[I] think that love (noun) refers to the condition in which one’s happiness depends on another’s.
And therefore to love (verb) must mean to act in a manner consistent with this condition prevailing.
If we adopt these as our definitions, then it becomes obvious, upon cursory examination, that we can never accurately describe actual “love” (either the noun or the verb) as either universal or unconditional for long.
For example, unrequited love would tend to consume, either its host, or its host’s willingness to continue entertaining it; for it entails costs with certainty, but holds out no sure promise of benefits, and would be easy to take advantage of.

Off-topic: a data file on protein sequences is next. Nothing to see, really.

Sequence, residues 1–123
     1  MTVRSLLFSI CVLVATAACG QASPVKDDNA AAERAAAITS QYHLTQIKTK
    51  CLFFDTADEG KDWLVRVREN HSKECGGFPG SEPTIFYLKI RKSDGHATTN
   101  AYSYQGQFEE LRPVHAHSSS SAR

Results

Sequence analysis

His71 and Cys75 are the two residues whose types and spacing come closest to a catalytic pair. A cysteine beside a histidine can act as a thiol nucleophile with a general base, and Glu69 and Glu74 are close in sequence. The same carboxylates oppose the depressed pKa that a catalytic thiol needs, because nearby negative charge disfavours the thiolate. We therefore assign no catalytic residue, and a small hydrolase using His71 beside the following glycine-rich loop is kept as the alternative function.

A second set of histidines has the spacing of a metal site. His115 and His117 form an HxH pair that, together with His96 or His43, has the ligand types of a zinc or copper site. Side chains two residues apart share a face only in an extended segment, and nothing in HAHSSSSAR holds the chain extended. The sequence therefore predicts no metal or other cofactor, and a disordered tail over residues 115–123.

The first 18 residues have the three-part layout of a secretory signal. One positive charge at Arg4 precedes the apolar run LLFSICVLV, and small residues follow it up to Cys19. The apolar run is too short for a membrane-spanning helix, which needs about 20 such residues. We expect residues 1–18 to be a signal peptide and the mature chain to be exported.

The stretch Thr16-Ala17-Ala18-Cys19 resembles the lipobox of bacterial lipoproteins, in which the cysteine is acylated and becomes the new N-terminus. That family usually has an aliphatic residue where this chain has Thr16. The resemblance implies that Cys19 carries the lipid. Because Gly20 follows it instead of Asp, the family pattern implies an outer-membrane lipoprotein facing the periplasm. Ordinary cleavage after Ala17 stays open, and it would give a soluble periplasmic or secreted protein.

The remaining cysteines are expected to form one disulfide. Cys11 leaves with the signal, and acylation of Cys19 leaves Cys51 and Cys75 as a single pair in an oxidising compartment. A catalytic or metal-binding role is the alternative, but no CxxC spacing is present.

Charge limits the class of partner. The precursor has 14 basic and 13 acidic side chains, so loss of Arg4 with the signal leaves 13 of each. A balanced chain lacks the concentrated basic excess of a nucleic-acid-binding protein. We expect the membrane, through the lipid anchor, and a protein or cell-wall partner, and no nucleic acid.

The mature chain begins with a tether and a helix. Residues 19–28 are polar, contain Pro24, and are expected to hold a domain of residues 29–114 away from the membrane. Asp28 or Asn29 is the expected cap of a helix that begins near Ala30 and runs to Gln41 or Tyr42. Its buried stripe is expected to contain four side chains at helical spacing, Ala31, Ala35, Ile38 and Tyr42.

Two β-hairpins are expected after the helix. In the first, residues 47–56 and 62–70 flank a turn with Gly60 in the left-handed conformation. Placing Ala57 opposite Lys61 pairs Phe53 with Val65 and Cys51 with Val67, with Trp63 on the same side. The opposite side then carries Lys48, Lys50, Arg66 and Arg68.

But reciprocal love may prove (under some conditions) sustainable or even (under others) productive.
Curt Doolittle made a status the other day, or perhaps a comment, wherein he opined that the statement “I love you” must resolve operationally to something like “I promise that if you test the hypothesis that ‘I love you’ you will not find it untrue.”
So we can resolve this still further to say that “I love you” means “I promise that if you test the hypothesis that my happiness depends on your own against my actions, you will not find it untrue.”